U.S. officials began in March began discussing how best to help Yemen as it worked to put its new U.S.-backed government in place. Widespread protests, coupled with pressure from the U.S., led to the ouster of longtime ruler Ali Abdullah Saleh. And U.S. leaders have said they believe that new president, Abed Rabbo Mansour Hadi, will be a good partner to the U.S.
The U.S. continues to view the Yemeni-based al-Qaida in the Arabian Peninsula as a top terror threat, even though the group hasn't surfaced as a main source in any domestic threats for more than a year. One of its key leaders, Anwar al-Awlaki, was killed in a U.S. drone strike in Yemen last fall.
Al-Awlaki was linked to the planning and execution of several attacks targeting U.S. and Western interests, including the attempt to down a Detroit-bound airliner in 2009 and the plot to bomb cargo planes in 2010.
This week, meanwhile, Hadi warned Iran to stop spying in his country, in the wake of claims that an Iranian spy operation had been uncovered.
U.S. officials have also said that Iran is meddling in Yemen's affairs.
In June, Defense Secretary Leon Panetta and Secretary of State Hillary Rodham Clinton told Congress that counterterrorism assistance to Yemen was important to U.S. national security.
The U.S. has poured more than $326 million in security and other assistance into Yemen since 2007, fueled by the escalating threat from the Yemen-based al-Qaida in the Arabian Peninsula. The aid abruptly stopped last year at a time of political and security unrest.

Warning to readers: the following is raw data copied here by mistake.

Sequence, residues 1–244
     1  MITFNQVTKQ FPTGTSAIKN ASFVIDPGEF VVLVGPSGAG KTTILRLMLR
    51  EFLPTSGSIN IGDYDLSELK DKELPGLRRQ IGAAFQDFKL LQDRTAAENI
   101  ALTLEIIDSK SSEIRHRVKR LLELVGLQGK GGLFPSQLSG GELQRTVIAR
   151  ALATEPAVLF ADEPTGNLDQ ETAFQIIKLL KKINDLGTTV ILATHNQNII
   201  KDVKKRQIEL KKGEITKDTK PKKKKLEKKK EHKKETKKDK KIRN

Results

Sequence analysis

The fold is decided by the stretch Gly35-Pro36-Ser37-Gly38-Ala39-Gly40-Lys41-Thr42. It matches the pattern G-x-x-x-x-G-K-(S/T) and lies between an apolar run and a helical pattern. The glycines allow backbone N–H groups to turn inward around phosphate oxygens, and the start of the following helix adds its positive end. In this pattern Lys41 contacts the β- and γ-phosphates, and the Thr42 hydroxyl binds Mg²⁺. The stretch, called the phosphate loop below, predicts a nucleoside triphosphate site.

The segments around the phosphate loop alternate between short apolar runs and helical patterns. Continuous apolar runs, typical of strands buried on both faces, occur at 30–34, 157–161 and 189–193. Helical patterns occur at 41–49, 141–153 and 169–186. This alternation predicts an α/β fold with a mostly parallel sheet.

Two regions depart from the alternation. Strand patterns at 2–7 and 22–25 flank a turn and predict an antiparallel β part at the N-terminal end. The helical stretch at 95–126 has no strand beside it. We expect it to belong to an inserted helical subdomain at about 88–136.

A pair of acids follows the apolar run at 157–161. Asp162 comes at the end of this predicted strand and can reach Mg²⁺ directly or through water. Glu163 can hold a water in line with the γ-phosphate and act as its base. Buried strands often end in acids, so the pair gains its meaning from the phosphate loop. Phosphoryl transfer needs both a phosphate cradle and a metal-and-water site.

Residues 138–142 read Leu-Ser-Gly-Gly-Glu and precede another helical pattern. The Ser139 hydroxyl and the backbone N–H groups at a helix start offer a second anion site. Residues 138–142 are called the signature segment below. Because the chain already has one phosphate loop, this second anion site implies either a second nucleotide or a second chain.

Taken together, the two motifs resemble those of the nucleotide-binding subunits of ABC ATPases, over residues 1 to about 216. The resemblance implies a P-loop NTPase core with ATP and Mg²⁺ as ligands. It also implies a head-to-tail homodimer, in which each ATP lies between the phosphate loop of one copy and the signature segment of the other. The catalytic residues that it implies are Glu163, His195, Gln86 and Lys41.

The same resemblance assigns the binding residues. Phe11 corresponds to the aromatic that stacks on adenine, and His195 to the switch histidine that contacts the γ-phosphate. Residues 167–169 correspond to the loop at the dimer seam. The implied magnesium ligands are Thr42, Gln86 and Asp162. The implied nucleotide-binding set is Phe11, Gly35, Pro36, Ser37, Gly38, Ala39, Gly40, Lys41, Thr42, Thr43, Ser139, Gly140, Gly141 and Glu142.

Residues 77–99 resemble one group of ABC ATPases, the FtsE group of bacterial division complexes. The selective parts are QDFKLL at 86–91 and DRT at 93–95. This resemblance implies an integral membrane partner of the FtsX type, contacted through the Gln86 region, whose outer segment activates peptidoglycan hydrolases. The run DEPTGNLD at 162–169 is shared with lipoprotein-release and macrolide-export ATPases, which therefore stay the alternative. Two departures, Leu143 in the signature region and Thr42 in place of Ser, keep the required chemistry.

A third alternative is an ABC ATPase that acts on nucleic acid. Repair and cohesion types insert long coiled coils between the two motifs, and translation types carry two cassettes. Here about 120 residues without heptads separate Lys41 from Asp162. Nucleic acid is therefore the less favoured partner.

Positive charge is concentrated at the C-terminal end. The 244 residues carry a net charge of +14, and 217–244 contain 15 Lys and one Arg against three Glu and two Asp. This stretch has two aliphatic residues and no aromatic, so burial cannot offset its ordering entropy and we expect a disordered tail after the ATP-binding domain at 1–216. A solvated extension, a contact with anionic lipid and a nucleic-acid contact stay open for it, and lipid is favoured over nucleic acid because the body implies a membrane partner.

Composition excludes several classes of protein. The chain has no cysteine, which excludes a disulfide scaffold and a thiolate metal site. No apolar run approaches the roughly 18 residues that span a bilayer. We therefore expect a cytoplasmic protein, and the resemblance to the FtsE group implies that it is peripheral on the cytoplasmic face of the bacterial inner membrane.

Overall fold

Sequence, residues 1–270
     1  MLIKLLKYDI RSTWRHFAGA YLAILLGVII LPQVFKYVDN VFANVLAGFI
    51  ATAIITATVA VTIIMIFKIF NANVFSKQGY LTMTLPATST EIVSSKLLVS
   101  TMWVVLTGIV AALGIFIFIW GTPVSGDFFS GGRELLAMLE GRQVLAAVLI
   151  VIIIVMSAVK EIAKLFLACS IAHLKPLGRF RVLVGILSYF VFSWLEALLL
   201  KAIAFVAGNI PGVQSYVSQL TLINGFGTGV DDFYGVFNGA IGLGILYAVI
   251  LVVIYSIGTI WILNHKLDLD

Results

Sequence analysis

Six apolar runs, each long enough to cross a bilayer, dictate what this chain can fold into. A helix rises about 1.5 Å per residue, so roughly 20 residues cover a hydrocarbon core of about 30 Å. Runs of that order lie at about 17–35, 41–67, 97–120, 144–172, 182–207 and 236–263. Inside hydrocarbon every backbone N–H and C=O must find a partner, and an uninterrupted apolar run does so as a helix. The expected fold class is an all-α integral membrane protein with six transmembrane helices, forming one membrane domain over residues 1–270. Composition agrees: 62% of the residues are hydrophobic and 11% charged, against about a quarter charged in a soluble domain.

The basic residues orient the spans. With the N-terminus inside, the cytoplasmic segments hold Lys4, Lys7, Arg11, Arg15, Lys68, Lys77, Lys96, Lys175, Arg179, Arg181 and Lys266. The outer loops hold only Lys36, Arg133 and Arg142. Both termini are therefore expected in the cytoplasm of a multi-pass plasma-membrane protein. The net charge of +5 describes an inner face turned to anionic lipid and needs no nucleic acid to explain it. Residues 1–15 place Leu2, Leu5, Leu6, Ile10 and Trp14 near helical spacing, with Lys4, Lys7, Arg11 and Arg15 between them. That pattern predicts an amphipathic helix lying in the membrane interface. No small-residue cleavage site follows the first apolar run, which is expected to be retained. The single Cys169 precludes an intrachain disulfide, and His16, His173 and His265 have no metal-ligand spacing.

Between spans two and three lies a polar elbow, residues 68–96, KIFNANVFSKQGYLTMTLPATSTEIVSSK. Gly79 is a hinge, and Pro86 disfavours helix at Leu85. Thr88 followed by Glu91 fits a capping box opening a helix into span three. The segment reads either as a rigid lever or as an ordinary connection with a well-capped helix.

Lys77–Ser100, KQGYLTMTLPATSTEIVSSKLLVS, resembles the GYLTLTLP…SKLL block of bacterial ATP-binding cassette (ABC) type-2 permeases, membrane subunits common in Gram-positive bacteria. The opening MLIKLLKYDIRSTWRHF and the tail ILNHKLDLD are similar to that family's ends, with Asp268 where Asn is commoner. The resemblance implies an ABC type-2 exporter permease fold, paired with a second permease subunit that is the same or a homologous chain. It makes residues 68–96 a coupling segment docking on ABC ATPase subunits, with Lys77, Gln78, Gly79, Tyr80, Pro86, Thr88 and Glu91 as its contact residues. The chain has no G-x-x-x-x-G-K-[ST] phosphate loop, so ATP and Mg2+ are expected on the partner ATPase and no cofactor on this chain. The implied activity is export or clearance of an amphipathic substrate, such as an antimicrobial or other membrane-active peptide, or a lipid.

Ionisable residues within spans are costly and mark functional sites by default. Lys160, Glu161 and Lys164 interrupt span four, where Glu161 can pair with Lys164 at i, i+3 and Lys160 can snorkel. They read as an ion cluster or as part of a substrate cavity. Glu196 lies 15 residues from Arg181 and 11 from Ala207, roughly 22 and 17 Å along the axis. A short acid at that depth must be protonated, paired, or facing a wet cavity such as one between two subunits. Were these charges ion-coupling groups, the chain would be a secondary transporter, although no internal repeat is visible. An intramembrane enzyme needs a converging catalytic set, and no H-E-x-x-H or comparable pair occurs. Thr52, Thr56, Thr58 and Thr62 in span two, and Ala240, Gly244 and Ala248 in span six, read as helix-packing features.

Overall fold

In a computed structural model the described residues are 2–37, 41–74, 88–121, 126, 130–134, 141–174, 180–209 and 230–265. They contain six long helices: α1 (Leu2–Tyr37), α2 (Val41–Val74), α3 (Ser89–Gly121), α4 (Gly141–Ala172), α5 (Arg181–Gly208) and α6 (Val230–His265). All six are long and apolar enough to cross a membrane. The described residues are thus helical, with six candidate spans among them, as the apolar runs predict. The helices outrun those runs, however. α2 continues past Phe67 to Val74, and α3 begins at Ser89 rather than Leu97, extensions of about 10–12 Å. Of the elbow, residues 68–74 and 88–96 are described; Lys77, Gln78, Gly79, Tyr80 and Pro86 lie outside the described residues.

Initial plans by the Pentagon to send at least $150 million in aid to Yemen last year were shut down, and no military aid has been approved until last month.
In addition to the funding for Yemen, the Pentagon also notified Congress that it is sending aid to Niger, Mauritania and Estonia.
The $11.7 million in aid to Niger to help its counterterrorism forces operate in remote locations and battle al-Qaida in the Islamic Maghreb. The aid includes two aircraft, training and communications equipment.
Mauritania will get nearly $7 million in weapons, vehicles and other equipment, also to help battle AQIM. And Estonia will receive $1.7 million in training for its special operations forces that will deploy to Afghanistan.

Gunman kills Yemeni security official, Qaeda blamed

DUBAI | Fri Jul 20, 2012
(Reuters) - A gunman shot dead a Yemeni security official in the southern province of Baydha, the defence ministry said on Friday, in an attack it blamed on the country's wing of al Qaeda.
The attacker killed Ghazi Said Abdallah Baidha of Yemen's political security service in the town of Radda late on Thursday, then fled on a motorcycle driven by an accomplice, an unidentified official said on a ministry website.
It was the latest in a string of assassinations of security officials in southern Yemen, where al Qaeda-linked Islamists established a foothold during the 14-month uprising that erupted against former President Ali Abdullah Saleh last year.
The town was briefly held by Islamists earlier this year, as were several others in another southern province that Islamists seized during the revolt against Saleh.
Oil giant Saudi Arabia and the United States - both targets of abortive attacks by Yemen's al Qaeda wing - backed a power transfer that replaced Saleh with his deputy in February.
Saleh's successor Abd-Rabbu Mansour Hadi took office vowing to reunify the military and fight al Qaeda. He launched a U.S.-backed military offensive in May that drove Islamist fighters out of towns they controlled in the country's southern provinces.
Washington has increased "counter-terrorism" activity in Yemen since Hadi came to power and has targeted al Qaeda figures with drone and missile strikes.